Washington University: Employment Report Could Force Fed Action
September 10, 2012
U.S. business analysts say that Friday's weak employment report could
push the country's central bank to adopt new measures next week to spur
job growth and boost the sluggish economy.
The government reported that the American labor market added only 96,000
new jobs in August. While the jobless rate fell from 8.3 percent to 8.1
percent, that was largely because thousands of unemployed workers
abandoned their search for a job. As a result, they were not counted as
part of the labor force and the declining unemployment rate.
Economist Steve Fazzari at Washington University in St. Louis said the
meager job growth coupled with the reason for the declining jobless rate
make it more likely the Federal Reserve will act to cut key long-term
interest rates, which already are very low.
"With this relatively weak report, and I think thatís the way it's going
to be interpreted, it makes it even more likely that the Fed will take
some actions to lower long-term interest rates even further," said
Job growth has become a key point of contention in the close
presidential election campaign between the Democratic incumbent,
President Barack Obama, and his Republican challenger, Mitt Romney.
Fazzari said the lack of significant job growth is troubling.
still stagnating," he said. "We're not creating enough jobs in the
economy to even keep up with population growth. So, yes, we are growing,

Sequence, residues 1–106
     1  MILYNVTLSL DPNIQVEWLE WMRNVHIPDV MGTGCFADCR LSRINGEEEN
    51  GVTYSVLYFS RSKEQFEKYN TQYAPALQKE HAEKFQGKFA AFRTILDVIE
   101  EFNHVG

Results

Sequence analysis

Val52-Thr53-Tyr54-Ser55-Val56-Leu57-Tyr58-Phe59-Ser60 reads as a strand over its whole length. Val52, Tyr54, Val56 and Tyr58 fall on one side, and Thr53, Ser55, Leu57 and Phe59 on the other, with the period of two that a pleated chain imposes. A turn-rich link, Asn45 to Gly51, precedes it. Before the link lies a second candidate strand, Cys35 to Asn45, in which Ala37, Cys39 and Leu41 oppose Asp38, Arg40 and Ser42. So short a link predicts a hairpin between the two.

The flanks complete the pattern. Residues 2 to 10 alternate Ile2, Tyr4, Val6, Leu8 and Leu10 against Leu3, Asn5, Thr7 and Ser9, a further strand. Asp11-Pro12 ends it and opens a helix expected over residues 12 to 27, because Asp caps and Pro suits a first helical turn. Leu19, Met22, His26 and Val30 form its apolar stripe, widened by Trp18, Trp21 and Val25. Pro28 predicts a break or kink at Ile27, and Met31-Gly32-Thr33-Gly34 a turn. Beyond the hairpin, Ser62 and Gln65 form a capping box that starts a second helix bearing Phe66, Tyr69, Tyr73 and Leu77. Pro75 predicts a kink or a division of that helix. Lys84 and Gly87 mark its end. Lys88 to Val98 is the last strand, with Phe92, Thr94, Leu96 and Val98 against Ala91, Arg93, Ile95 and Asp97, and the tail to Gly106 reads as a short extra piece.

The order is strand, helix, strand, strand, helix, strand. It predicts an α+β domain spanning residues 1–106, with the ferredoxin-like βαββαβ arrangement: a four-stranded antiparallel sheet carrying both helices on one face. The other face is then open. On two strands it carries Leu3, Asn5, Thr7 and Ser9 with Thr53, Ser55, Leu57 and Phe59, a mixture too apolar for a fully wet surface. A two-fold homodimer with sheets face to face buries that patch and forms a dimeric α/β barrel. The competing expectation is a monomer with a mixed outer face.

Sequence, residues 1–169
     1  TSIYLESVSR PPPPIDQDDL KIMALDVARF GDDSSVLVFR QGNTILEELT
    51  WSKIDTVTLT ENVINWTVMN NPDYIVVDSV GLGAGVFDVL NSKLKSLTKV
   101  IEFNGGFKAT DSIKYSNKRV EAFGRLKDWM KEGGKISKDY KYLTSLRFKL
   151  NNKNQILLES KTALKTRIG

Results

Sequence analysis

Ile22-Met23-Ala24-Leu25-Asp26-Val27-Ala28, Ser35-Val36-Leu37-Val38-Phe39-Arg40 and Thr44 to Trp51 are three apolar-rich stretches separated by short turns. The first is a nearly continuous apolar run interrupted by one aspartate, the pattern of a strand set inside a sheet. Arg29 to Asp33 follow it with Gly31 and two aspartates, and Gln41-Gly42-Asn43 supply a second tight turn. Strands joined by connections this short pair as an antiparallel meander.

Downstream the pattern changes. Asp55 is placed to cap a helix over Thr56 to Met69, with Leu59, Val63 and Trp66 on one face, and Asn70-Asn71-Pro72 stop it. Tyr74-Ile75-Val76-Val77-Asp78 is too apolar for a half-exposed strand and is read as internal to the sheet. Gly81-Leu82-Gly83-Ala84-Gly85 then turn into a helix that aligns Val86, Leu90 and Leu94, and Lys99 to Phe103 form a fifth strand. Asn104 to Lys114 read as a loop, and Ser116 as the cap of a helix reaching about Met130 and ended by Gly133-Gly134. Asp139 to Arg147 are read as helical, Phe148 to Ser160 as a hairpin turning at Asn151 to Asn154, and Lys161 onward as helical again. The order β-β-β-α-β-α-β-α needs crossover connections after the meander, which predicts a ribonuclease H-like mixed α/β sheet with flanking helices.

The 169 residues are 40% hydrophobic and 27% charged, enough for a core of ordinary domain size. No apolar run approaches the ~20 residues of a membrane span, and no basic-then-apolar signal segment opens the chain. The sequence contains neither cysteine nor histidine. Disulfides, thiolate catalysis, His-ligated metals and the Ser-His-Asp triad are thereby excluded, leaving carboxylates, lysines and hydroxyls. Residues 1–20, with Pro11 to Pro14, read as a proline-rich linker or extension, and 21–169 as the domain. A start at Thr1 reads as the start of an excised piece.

rather than shrinking. So that's a positive and that's certainly what
the Obama campaign's going to emphasize. But we're not really doing any
kind of catch-up. We lost so many jobs in 2008 and 2009, and we're just
rumbling along the bottom, as far I'm concerned."
Another analyst, finance professor Rebel Cole at DePaul University in
Chicago, emphasized that the drop in the unemployment rate is
"Unfortunately, most people are going to focus on the drop in the
unemployment rate from 8.3 percent to 8.1 percent," said Cole. "And
thatís unfortunate, because itís badly misleading. The unemployment rate
fell because over 350,000 people dropped out of the labor force. In
other words, the situation is so bad that workers are simply giving up
and leaving the labor force. Since last year at this time, about 2.7
million workers have lost faith and left the labor force. So that has
masked the true unemployment rate, which would be closer to double
digits were those people still counted."
Cole said he is not sure that the Federal Reserve will adopt new
policies next week, but said that with the poor employment report, the
"probability just went way up."
Cole said the central bank has signaled that it might purchase
mortgage-backed securities in an attempt to cut already-low interest
rates on home purchase loans. But Cole said he does not see the
connection between housing loan interest rates and the creation of more
"The problem with that is that I don't think that mortgage rates are too
high," he said. "I don't see how that's really going to help the job
market. Most people who can refinance have refinanced."